• Explain the benefits of the strategy and expectations for partner behavior.

  • Remind students that making mistakes is part of the learning process. Model having difficulty as the reader, so that your coach can prompt you to look at the text again or to fix a mistake. 

  • Provide sentence starters to help students who may need help answering or coaching, such as “The ‘who’ of this story is ___.”

2. Match up partners. Use your partner list to put students into pairs. Make sure the partners know their roles — either coach or reader — for the first round. The stronger reader should be the coach first. (If an adult will work with an individual student, the adult is the coach for the first round.) Give all students this card as a reminder of the steps. 

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3. Partners work through the routine. The first reader in each pair reads or listens to the section of the text. The coach guides the reader through the steps of naming the who or what, the most important thing about the who or what, and the main idea in 10 words or fewer. For students who prefer to write or draw their answers, provide them with paper or digital tools. As the reader shares answers, the coach gives positive, corrective feedback. If the students’ answers differ, they should go back to the text to find evidence for their answers. Then, partners switch roles. The new reader will continue reading the next section of the text.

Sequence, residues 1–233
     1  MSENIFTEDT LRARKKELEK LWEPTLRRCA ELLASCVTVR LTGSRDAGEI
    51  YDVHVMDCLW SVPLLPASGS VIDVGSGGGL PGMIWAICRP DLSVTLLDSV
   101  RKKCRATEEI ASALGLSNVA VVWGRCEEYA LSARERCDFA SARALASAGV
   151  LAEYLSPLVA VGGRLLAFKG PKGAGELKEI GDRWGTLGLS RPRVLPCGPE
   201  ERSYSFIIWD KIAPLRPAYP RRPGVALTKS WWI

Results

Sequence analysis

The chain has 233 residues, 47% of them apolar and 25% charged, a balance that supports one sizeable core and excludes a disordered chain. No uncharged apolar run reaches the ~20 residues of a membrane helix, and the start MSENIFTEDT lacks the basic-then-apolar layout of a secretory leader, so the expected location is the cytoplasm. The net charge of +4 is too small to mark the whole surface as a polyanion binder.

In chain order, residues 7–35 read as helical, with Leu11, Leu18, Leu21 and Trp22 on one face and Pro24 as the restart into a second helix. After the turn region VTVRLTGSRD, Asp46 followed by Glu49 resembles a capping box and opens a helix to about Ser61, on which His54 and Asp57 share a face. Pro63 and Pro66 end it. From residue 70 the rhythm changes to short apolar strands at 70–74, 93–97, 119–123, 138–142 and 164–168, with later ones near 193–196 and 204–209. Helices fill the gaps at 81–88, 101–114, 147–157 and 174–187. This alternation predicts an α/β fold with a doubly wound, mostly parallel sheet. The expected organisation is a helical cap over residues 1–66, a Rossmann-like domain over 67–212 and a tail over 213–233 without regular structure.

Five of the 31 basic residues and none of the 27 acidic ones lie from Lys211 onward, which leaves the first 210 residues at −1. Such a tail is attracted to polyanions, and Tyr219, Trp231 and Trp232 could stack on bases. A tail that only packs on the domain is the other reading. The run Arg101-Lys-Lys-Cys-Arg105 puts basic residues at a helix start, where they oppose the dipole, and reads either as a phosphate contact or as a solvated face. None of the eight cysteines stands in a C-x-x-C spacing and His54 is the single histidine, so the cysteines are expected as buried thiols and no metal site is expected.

During times of social distancing, you’ll need to change how partners work together. The classroom may be too loud if everyone is talking at a distance at once. Here are a few ideas to try:

  • Do the partner work in shifts or meet with students one-on-one to reduce the noise.

  • If you have access to devices, students can read their own copies of the text silently and then use a shared document to do the paragraph shrinking.

  • If you have access to devices and headphones, students can use a video call platform for the entire activity. You can also do this in shifts to reduce the noise.